From CNN Money:
Republicans have wanted to repeal Obamacare for years — but they’ve wanted to overhaul Medicaid for far longer.
They are now getting their chance.
The health care legislation working its way through Congress would do much more than its stated purpose of repealing and replacing Obamacare. It would make the most far-reaching changes and deepest cuts to Medicaid in the program’s 52-year history.
“Medicaid: Sending it back to the states. Capping its growth rate. We’ve been dreaming of this since I’ve been around, since you and I were drinking at a keg,” House Speaker Paul Ryan said in March at an event hosted by the conservative National Review magazine.
Lawmakers would effectively end Obamacare’s expansion of Medicaid to low-income adults and would dramatically curtail federal support for the overall program, which covers more than 70 million low-income Americans. They would give states more control and flexibility in administering the program, but also require governors and legislators to foot much more of the bill.
President Trump is committed to making sure that no one currently receiving Medicaid “would be affected in any way,” White House Press Secretary Sean Spicer said Friday. The president feels the Senate bill reflects this and “he’s pleased with that,” Spicer added.
It’s hard to see how these changes would have no impact, however.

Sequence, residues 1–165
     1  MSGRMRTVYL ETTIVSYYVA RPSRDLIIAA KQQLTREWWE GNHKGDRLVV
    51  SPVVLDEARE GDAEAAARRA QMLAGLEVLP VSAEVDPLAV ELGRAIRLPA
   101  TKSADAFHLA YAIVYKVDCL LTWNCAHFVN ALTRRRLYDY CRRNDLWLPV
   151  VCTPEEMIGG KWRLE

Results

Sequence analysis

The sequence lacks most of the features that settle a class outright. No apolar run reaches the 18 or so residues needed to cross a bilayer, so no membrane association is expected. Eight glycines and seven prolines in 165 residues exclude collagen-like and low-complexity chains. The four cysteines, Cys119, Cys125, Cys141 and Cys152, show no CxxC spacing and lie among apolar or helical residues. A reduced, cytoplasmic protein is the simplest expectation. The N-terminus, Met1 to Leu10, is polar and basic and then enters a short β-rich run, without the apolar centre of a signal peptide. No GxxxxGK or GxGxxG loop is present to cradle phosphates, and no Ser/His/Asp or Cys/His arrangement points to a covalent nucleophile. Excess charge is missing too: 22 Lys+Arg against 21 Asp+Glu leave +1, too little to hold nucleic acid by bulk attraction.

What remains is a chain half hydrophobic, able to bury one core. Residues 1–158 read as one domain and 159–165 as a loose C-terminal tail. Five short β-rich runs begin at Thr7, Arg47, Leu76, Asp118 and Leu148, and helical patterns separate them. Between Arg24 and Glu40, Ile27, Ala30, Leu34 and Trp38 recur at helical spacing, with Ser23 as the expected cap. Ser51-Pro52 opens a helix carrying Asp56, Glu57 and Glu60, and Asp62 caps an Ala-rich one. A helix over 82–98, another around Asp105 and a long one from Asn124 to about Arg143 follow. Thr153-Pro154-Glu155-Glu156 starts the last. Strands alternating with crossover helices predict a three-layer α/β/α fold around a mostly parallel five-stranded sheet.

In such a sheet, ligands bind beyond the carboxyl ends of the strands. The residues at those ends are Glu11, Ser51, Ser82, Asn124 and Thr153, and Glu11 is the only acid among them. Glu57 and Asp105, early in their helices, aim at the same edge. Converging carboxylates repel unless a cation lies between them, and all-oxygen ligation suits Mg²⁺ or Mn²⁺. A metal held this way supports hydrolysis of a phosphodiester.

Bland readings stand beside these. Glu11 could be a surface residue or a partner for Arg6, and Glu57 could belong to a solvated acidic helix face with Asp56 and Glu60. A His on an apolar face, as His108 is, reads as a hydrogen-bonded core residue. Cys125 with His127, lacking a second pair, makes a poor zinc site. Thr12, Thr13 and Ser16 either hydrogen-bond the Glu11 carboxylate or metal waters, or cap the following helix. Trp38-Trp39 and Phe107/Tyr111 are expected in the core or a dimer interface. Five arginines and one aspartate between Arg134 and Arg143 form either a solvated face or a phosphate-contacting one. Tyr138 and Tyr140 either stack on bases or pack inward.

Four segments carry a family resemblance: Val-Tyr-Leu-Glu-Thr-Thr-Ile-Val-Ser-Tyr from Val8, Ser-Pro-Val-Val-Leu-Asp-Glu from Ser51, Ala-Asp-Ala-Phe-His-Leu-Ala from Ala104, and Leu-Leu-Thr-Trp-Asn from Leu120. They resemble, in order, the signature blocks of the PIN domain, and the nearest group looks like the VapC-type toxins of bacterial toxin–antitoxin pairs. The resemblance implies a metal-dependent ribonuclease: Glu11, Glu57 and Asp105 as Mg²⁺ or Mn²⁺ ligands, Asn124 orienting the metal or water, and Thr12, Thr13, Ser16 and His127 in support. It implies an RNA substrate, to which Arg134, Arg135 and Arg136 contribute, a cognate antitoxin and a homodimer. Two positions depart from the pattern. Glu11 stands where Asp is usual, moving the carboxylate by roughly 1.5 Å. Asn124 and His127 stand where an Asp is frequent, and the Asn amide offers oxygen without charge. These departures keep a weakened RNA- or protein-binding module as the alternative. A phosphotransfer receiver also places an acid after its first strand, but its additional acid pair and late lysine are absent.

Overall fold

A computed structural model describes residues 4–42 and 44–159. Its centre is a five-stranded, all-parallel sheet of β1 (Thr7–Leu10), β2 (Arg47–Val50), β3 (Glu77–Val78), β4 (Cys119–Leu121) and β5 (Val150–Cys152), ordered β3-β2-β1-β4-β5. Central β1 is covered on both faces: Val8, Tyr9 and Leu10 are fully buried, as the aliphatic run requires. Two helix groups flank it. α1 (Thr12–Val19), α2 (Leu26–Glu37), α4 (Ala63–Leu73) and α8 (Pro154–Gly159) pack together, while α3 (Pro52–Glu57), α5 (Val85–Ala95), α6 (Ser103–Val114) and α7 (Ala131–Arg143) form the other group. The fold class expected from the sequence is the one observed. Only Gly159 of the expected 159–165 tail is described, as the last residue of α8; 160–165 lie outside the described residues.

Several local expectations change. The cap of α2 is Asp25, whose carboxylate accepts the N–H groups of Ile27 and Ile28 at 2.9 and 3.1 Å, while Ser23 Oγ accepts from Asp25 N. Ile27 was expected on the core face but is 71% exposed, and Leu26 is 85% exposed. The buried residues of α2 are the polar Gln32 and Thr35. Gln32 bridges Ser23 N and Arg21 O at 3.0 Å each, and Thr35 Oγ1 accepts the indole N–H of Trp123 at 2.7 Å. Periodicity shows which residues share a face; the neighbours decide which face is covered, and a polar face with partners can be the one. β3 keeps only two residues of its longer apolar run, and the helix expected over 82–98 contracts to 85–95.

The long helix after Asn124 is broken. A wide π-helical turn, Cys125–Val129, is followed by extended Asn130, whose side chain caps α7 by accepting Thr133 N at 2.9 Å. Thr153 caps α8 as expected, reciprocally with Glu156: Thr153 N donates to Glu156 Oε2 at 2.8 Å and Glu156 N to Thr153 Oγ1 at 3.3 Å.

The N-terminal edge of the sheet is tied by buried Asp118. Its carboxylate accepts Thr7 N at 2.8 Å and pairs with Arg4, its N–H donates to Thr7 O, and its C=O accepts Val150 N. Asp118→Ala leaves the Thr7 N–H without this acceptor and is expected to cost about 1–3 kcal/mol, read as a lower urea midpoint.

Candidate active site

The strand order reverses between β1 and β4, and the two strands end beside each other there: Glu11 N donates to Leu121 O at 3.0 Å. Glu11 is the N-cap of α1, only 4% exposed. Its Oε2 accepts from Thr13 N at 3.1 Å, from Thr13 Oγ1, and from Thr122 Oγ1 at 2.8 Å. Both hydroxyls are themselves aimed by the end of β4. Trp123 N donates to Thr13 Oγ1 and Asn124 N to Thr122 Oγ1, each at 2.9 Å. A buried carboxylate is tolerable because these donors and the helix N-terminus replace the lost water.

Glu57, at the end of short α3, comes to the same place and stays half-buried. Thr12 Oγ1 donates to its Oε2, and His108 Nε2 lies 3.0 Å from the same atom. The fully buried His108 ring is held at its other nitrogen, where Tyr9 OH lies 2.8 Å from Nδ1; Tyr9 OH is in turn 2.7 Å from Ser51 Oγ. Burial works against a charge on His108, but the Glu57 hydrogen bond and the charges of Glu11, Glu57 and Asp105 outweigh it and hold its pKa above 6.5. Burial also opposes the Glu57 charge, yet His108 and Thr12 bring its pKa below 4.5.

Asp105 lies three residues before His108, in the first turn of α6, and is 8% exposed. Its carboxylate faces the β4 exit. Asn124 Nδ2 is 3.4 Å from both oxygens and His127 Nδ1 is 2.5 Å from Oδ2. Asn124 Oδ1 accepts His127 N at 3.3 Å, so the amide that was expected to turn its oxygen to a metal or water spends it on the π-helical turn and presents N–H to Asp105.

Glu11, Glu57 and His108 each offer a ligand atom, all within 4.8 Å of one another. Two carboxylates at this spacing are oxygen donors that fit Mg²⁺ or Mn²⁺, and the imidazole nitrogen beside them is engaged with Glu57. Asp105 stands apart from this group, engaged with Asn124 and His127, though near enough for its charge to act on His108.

Medicaid is the nation’s largest single health insurer, covering nearly one-fifth of all Americans. It insures two in five children and the same share of the disabled, as well as three in five nursing home residents. It pays for nearly half of all births and spending on long-term care in the U.S.
Enrollment shot up to 54.5 million people in the decade before the Affordable Care Act was passed, and total spending nearly doubled to $402 billion, in part because of the Great Recession.
Under the Senate plan, the enhanced funding for Medicaid expansion would end by 2024, after which states would receive the same match for low-income adults as they do for other enrollees. This is four years later than the House bill and serves as a concession to moderate Republicans who don’t want to swiftly turn off the federal spigot. Governors such as John Kasich of Ohio and Brian Sandoval of Nevada, as well as senators from expansion states, have defended the program as critical to helping those affected by the opioid epidemic.
But it’s unlikely that most states could afford to continue covering low-income adults at the reduced match rate, so they would likely have to end their expansions.
All these funding changes would have a huge impact on the Medicaid program, experts say. The House bill would reduce spending by $834 billion over 10 years, compared to current law, according to the CBO analysis.
The cuts might be even more dramatic under the Senate bill, though the CBO analysis might not show it since many of the changes would take place near the end of the 10-year budget window that CBO studies.
“States will face intense fiscal pressure to reduce benefits, cut provider rates and keep higher-cost people off Medicaid,” said Jocelyn Guyer, managing director at Manatt.
Ayn Rand would be proud. She wrote:
Morally and economically, the welfare state creates an ever accelerating downward pull.
That was a couple of years before she cashed her Social Security checks.